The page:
Dr. Kathleen Artman Meeker joins the college as an assistant professor of special education. She specializes in professional development systems for early childhood professionals, innovative web tools for evidence-based practices in early education and early intervention, and practical strategies for promoting social-emotional competence in young children with and without special needs.
Artman Meeker is eager to join the special education faculty, noting their engagement in national conversations about special education, scholarship, and teacher preparation. She has been working with the University of Washington Head Start National Center on Quality Teaching and Learning for the past three years and knows, firsthand, about the University’s impact within the fields of early learning and special education.
“I think that the National Center on Quality Teaching and Learning project is an example of the kind of work that is happening at UW,” she states. “It is not only providing tools that Head Start teachers can use right away in their classrooms, but it is also helping shape the vision of teaching and early learning on a national scale.”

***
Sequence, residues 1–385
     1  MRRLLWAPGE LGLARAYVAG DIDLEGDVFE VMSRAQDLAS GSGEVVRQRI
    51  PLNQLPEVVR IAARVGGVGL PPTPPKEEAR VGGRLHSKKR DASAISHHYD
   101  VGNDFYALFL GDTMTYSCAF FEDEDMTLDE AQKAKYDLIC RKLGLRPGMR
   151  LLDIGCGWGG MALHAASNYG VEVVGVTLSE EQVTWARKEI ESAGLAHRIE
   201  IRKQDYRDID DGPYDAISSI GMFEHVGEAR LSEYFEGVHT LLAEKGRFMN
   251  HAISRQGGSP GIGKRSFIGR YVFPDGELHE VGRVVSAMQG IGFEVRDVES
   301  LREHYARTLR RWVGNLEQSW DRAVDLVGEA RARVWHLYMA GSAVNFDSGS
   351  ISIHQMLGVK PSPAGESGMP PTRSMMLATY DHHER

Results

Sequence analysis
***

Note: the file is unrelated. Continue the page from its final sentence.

Artman Meeker’s research has largely been focused on coaching. She has created online professional development courses for Training and Curriculum Specialists (coaches) in the military child care system through the Virtual Lab School, which is housed at Ohio State University. Additionally, she is particularly interested in the role of performance feedback in professional development. She has done a series of studies exploring different types of feedback and different ways coaches can use technology to provide feedback.
“Although coaching is often identified as an effective professional development strategy, we know relatively little about the characteristics of quality coaching and the ways coaching impacts teacher and child outcomes. The goal of my work is to unpack the critical elements of coaching, so coaches and teachers have a specific set of research-based professional development practices.”